"Where you moving?" I said, "onto better things." I promise you, there is a Drake line for EVERYTHING and it served as my response to everyone who questioned my decision to study abroad. Here, I present to you five reasons why you should study abroad and explore the world based on my personal experience.

The thought of moving to a foreign country may scare the hell out of you, but if you have never moved away from home, it may be the smartest decision you'll make as a young adult. It will force you to be independent and see what you can do on your own. Pull up your pants, be a big kid and tell your family you are moving to the Netherlands to further your education.. in marijuana that is. 

Travel, travel, travel! From celebrating Karnival in Germany, hiking through the colourful villages of Italy, riding the canals of Amsterdam, embracing my melanin glow on the beaches of Spain, taking unlimited shots of absinthe in the Czech Republic, visiting the European Parliament and chugging beers with my professor in Belgium, and adopting a strict baguette and wine diet in France - I've done it all. Take advantage of every weekend, holiday and self proclaimed "sick" day. And, yes, I passed all of my classes. ---- Tip: Studying abroad in Europe allows you to travel throughout EU countries cheap. Airlines such as Ryan Air offer cheap flights (even some roundtrip flights under 20 euros) and hostels provide economical accomodation for travellers. 

Immersing yourself in a new culture and interacting with people of diverse backgrounds builds your cultural competence and allows you to gain new perspectives. If you study abroad, you may potentially find yourself housed with a Spanish roommate who despises you for your nocturnal lifestyle and loud hip hop music, Danish neighbours that make you hate your life for being so damn perfect, and German classmates that rebuttal every bullshit point you make in class in effort to convince your professor you actually completed the assigned readings. Whatever the case may be, people are different and you'll learn to both accept and appreciate the diversity.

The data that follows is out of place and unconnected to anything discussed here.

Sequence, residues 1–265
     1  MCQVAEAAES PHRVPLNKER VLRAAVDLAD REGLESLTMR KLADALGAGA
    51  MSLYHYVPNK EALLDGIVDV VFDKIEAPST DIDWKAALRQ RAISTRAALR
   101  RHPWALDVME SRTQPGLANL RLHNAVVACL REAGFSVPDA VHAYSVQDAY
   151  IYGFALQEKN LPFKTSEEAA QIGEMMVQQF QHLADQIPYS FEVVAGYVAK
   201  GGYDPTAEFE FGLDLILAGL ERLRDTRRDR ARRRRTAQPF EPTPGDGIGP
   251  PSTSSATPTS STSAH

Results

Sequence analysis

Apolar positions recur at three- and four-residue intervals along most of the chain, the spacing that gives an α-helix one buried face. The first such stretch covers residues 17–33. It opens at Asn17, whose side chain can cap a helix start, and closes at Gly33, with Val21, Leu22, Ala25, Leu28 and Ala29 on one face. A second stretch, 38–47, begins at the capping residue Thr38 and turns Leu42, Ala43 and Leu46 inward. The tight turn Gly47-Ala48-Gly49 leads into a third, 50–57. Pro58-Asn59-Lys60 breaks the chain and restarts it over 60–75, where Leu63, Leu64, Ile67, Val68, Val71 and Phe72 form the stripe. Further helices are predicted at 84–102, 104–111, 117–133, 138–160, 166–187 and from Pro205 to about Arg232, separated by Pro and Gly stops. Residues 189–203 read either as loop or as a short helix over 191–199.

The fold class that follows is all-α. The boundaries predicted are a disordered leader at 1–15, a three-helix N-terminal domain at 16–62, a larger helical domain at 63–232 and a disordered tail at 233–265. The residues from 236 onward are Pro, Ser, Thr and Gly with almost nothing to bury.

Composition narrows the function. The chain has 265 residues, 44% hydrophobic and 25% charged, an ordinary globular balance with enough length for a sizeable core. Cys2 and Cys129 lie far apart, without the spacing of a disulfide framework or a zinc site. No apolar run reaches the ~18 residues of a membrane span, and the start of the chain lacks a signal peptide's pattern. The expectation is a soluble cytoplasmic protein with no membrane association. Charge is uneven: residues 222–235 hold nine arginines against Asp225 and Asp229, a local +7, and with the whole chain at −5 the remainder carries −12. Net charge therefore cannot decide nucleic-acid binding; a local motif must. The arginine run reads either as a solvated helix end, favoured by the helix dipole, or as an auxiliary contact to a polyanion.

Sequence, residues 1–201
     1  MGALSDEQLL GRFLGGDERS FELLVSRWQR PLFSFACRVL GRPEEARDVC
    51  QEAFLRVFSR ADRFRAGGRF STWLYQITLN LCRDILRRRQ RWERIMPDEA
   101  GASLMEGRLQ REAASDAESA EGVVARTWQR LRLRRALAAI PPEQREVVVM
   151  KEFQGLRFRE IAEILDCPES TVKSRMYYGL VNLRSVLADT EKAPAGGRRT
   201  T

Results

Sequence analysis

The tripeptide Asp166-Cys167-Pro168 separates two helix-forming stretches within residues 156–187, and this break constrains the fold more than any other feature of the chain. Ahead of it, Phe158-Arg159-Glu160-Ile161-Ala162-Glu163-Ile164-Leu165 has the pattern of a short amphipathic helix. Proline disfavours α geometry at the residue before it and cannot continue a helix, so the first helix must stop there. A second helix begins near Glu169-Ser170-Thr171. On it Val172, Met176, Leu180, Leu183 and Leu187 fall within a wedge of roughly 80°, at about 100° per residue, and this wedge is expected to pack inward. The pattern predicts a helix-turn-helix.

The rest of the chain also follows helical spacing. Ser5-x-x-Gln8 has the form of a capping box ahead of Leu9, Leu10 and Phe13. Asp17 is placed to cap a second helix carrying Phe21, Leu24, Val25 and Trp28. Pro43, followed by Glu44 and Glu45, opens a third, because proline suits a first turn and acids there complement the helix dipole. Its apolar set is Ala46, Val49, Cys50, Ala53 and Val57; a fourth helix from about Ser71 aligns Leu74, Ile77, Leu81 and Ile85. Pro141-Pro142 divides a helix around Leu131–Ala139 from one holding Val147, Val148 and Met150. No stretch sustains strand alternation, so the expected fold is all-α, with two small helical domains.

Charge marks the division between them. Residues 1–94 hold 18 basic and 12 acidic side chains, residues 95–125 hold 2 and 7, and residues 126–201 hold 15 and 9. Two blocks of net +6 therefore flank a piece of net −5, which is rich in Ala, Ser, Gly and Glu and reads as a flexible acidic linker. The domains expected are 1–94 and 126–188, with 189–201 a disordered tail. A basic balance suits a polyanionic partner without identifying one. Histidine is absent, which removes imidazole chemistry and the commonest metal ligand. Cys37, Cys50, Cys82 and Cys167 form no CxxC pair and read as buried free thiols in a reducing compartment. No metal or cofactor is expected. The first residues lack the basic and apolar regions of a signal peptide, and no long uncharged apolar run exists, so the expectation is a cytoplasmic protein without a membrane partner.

Okay, easier said than done. Trust me, I've tried. After studying in the Netherlands for nearly five months, I thought I would be able to communicate basic phrases in Dutch. Well, my Dutch skills went as far as nodding my head with a smile and saying "dankjewel" to everyone who spoke to me (means thank you). Learn from my mistake and be sure to communicate with native speakers wherever it is you are. Not only will it make life easier in your new home, but being bilingual is sexy as fuck.

Last but not least, your resume is pretty damn important. After graduating university, I fell into the inevitable new graduate blues, realizing I'm just another person with a degree in a sea of hopeless romantics waiting to fall in lust with their less than desirable "dream" jobs. BUT, I saw the light at the end of the tunnel when I added my exchange experience to my resume and acknowledged that it looks pretty fucking awesome, in combination with my other volunteer and job experience. Employers value the knowledge and skills acquired through international experiences, as it requires extreme adaptability and develops proficient communication skills.
AND, it never fails to spark up a conversation in a job interview. "WOW! You studied in Europe!? I've always wanted to go! Can you recommend any places to go!?" Promise, it never fails. I even managed to land a full time teaching job in South Korea because of this! 

And there you have it folks... Pack up your bags and embark on an adventure of a lifetime. AND DO NOT FAIL YOUR CLASSES, like a few of my friends on exchange did. Happy studying!